The Social/Emotional/Behavioral listserv is a place for teachers and service providers working with students with Significant Emotional Disabilities to find information, encouragement, and networking opportunities.
We know that many times those working with students with significant needs may be isolated and lack the opportunity to collaborate with colleagues or find the expertise they need in a timely and safe setting. This is a place to ask questions, have discussions, and share ideas with those in the field that are having the same experiences. To subscribe, Email Amanda Nieser at firstname.lastname@example.org with your contact information.
By-Request Trainings/Technical Assistance
The live trainings in this section can be provided by request to a school, district, or BOCES. Simply send an email to Bill Brown, email@example.com, to schedule a training fine-tuned to your organization's needs. CDE contact hours are available.
Closing the SEL Gap through Individualized Social Skill Lessons
3-hour training where participants will:
- Gain an understanding of how to assess for missing social skills.
- Gain an understanding of how to develop an individual social skills lesson once missing skills have been identified.
- Gain an understanding of how socials skills instruction fits into the FBA and BIP process.
DBT: Emotional Regulation and Distress Tolerance
6-hour training where participants will learn about Dialectical Behavior Therapy (DBT) and its four components:
- Interpersonal Effectiveness
- Distress Tolerance
- Emotion Regulation
1-3 hour training where participants will learn about:
- Allowing emotional expression.
- Recognizing emotions.
- Creating security through reducing anxiety .
- Coping strategies vs coping mechanisms.
- Conflict resolution.
Grief, Anxiety and Trauma
1-3 hour training where participants will learn about:
- Grief and growth cycle.
- Coping mechanisms vs coping strategies.
- Anticipatory grief.
- Preconditions for trauma.
Preschool Social Emotional Learning
6-hour training where participants will learn:
- Social emotional standards.
- Stages of play.
- Attachment, personality, and temperament.
- Needs vs wants.
8-hour training. “Grief is the healing process of a significant loss, not a pathological reaction. After you have been dealt a blow, you need time to recover.”
Participants will learn about:
- The grief and growth cycle.
- Stress, including anticipatory grief.
- Recovery and crisis recovery.
- Trauma and CBT (Cognitive Behavior Theory).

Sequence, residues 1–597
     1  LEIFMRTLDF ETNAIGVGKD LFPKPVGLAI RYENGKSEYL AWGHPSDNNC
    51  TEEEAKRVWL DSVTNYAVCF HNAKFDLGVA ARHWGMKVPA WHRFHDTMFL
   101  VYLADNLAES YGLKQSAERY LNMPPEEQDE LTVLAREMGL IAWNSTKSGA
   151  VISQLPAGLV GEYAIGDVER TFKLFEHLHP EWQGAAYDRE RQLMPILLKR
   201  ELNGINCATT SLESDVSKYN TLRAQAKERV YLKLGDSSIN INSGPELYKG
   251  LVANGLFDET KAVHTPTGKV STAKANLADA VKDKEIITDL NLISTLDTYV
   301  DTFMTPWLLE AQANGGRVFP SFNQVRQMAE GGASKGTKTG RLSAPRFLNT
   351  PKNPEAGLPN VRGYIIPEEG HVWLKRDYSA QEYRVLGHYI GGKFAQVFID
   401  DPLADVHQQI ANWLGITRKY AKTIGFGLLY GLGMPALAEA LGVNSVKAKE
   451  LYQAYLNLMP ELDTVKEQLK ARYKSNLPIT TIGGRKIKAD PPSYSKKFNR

Self-Regulation and Co-Regulation
1-3 hour training where participants will learn:
- Recognition of overstressed child.
- Identification of stressors.
- Reduction of stressors.
- Increase child's self-awareness.
- Teach self-regulation strategies.
1-3 hour training. The ability to understand social and ethical norms for behavior and to recognize family, school, and community resources and supports.
- Build a deeper understanding of social awareness.
- Identify at least one specific strategy or intervention they could try in the classroom to support social awareness.
- Identify the role a teacher can play in helping students develop social awareness.
Social Emotional Learning
6-hour training. Social-emotional skills are critical for students’ learning, their readiness for college and careers, and their future success. Both research and evidence-based practice clearly show the strong connection between social and emotional development, academic learning, and success in life (Domitrovich, Dusenbury & Hyson, 2013).
- Gain an understanding of Social Emotional Learning (SEL)
- Synthesize and analyze learning to implement SEL interventions through the SED Quality Indicators in the classroom/school environment.
Social Emotional Learning within MTSS
3-hour training where participants will learn how and where SEL fits into MTSS/PBIS.
- Tier 1: integrated curriculum and school culture/climate.
- Tier 2: intensive classroom and small group instruction.
- Tier 3: individualized social skill instruction.
Social Skills training
1-3 hour training. Participants will learn about:
- Emotional skills: showing empathy, cultural awareness, appreciation.
- Social/interpersonal: modeling coping skills and appropriate responses to anger, anxiety or sensitivity.
- Cognitive regulation: changing a lesson when it is not working, avoiding anger, sarcasm when it is aimed at the teacher, adjusting work based on needs of the class.
Trauma Informed Practices
6-hour training where participants will learn:
- Background knowledge on the different types of trauma.
- Review the core features of trauma responsive practices.
- Knowledge of what can be done at school to help a traumatized child.
- Strategies for emotional and behavioral crises.
For more information, please contact:
Phone: (303) 866-6712
Email Bill Brown
Find what you were looking for?
If you have problems with broken links or accessing the content on this page, please contact our web content coordinator Amanda Timmerman at Timmerman_A@cde.state.co.us. Please copy the URL link for this page into the email when referencing the problem you are experiencing.